When abdominal pain occurs, it can be dismissed as a transient gas or some minor digestive disturbance. Many individuals simply wait for the discomfort to subside. Whether the individual experiences abdominal pain that is piercing, short-lived or chronic discomfort that occurs regularly, there are measures that can make it go away.
Close look on abdominal pain
Oftentimes, it is hard to pinpoint the root cause of abdominal pain. The source can be any of the structures and organs inside the abdomen, including the appendix, liver, kidneys, reproductive organs or any of the organs part of the digestive process such as the pancreas, stomach, intestines or the gallbladder.
In some cases, abdominal pain might be due to other issues not related to the abdomen such pneumonia or heart attack.
If an individual experiences abdominal pain that is chronic, severe or bothersome, it is best to consult a doctor for further assessment. The doctor will ask questions about the pain as well as checking out the medical history and performing a physical exam.
When is it serious?
Abdominal pain tends to vary greatly from minor to excruciating. Remember that the intense pain can originate from something relatively harmless. Yet some serious issues such as celiac disease or even colon cancer might not trigger much discomfort in the initial phases.
Remember not to judge the issue solely on the intensity of the pain. Incapacitating, severe pain is a reason to set an appointment with a doctor right away. As for mild to moderate pain, the following should be considered as warning indications to consult a doctor:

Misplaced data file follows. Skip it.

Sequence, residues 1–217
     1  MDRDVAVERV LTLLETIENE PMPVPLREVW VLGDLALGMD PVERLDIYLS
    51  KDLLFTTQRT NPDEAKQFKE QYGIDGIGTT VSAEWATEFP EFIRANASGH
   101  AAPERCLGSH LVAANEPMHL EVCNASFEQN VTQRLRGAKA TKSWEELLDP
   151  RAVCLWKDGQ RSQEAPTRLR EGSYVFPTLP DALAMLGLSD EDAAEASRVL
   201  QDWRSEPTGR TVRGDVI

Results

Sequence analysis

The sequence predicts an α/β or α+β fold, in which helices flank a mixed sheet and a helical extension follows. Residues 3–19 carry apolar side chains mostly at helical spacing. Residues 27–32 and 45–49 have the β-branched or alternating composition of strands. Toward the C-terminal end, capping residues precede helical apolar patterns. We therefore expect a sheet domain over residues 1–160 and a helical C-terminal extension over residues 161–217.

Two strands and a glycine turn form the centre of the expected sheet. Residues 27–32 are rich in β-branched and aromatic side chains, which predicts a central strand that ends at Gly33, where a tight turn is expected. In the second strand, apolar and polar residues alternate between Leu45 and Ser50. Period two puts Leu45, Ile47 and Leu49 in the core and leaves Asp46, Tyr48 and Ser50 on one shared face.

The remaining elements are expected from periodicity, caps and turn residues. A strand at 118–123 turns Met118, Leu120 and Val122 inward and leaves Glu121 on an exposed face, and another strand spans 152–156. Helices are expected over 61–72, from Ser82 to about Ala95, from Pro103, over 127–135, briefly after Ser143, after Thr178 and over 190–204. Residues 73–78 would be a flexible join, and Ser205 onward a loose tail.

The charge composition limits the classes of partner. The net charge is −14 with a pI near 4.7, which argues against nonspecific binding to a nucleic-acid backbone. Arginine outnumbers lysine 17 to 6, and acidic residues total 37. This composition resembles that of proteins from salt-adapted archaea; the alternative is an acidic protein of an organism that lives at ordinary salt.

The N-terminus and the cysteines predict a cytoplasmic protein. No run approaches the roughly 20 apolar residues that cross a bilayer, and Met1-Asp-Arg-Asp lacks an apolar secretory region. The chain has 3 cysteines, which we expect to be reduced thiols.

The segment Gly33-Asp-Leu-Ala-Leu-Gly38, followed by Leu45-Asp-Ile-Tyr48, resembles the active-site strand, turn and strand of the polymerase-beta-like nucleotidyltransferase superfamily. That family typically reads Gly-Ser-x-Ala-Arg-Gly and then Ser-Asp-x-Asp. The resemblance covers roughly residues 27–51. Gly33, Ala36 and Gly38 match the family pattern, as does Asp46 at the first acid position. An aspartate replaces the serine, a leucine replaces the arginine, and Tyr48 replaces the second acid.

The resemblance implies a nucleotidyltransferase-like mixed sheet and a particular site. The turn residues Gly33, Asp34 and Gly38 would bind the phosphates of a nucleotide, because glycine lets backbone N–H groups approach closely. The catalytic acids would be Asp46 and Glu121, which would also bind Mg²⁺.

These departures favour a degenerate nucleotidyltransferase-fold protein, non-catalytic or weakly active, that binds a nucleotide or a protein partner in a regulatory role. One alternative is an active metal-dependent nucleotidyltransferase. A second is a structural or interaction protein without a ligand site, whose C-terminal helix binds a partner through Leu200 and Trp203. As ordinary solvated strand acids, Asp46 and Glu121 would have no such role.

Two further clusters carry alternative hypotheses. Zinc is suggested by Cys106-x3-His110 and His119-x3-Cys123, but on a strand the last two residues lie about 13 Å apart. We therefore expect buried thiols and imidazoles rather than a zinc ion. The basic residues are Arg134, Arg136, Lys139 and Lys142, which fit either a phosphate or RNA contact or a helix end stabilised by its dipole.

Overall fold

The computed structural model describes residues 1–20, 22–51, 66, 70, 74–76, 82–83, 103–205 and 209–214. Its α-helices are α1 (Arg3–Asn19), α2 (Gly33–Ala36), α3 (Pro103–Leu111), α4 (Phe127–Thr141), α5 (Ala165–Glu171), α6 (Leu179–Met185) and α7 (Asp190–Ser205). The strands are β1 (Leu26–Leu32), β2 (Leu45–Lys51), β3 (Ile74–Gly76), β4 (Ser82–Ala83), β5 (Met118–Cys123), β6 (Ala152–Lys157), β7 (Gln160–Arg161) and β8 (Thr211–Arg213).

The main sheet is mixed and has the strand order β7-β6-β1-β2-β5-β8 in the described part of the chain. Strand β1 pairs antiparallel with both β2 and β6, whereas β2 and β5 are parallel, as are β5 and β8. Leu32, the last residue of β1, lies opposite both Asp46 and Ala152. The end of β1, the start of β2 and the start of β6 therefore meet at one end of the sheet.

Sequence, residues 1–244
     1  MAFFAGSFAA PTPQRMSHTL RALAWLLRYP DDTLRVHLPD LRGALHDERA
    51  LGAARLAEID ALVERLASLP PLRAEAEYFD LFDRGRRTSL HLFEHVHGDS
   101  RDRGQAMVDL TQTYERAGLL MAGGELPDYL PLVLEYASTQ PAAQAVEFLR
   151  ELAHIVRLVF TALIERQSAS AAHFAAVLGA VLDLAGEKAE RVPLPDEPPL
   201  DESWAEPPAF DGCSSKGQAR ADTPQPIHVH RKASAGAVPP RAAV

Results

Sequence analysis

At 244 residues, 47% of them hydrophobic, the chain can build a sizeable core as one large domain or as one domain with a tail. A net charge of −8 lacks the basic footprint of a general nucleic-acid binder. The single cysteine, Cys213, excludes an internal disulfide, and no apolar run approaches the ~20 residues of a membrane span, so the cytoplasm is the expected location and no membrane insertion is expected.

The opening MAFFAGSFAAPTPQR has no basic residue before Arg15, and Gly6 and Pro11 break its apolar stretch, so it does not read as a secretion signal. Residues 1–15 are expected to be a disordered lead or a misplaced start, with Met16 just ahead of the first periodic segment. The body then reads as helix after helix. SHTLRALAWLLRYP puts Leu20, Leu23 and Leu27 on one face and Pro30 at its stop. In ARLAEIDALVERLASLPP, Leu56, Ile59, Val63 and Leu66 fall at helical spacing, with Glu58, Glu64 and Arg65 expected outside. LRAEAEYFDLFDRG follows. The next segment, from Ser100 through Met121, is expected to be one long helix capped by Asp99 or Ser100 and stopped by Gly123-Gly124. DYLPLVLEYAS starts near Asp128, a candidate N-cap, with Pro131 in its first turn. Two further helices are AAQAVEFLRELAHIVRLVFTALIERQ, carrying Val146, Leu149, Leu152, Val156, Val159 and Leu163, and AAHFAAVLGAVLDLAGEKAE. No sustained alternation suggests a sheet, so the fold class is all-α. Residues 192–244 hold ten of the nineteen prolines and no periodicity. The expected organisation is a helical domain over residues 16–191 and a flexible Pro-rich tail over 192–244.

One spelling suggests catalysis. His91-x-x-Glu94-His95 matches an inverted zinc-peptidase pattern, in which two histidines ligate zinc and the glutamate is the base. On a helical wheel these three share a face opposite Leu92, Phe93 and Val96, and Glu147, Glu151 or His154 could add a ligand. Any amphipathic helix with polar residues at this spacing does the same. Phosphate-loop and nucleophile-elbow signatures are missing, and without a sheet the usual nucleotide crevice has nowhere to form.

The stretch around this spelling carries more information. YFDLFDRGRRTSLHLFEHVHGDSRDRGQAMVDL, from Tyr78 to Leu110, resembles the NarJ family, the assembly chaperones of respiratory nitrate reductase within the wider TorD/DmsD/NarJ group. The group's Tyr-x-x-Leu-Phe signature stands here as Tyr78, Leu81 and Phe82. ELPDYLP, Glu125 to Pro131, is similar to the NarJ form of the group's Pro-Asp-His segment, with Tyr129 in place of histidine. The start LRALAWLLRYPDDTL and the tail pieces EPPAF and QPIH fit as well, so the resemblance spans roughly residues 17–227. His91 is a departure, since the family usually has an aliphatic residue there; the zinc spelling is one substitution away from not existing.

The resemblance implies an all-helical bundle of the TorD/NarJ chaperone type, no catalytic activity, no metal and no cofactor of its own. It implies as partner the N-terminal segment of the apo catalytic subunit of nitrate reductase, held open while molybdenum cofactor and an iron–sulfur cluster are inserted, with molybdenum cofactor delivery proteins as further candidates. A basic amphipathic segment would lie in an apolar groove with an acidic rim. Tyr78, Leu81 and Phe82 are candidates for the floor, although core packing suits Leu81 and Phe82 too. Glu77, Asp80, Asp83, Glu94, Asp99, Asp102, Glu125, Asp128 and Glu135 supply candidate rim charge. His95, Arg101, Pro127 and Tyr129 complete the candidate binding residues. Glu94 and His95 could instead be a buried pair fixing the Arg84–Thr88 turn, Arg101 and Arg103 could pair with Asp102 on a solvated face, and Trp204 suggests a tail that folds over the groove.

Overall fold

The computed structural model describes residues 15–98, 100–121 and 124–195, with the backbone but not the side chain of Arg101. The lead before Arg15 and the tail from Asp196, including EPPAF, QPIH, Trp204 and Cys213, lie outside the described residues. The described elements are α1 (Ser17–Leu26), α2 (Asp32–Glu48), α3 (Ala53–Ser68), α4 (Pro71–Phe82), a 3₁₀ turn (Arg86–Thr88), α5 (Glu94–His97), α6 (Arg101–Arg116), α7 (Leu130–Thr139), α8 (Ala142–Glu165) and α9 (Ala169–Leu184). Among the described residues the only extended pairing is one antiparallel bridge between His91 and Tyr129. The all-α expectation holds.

- Abdominal pain or discomfort lasting for a week or longer
- Swelling of the abdomen
- Diarrhea lasting more than 3 days
- Bloating that lasts longer than 2 days
- Black, tarry stools
- Pain during pregnancy
- Prolonged appetite loss
- Thin, ribbon-like stool
- Abdominal tenderness
The indications that necessitates immediate consultation with a doctor include a rigid or stiff abdomen, high fever usually over 101 degrees F, persistent incapacitating pain with vomiting, blood-streaked stool or vomit, inability to pass stool, urine or gas.
For mild cases or to provide minor pain relief until a doctor can be seen, there are also measures that can be used.
- Drink more water but in small, infrequent sips.
- Avoid foods that can worsen some causes of abdominal pain such as spicy foods, greasy foods, tomato products, citrus, chocolate and dairy products.
- Limit food and beverages that contain caffeine or alcohol.
- Avoid medications that can aggravate the lining of the stomach such as non-steroidal anti-inflammatory drugs (NSAIDs).
- Over-the-counter antacids that contain activated charcoal or simethicone can be used for discomfort due to stomach acid.
- A bland diet must be strictly followed after the pain subsides.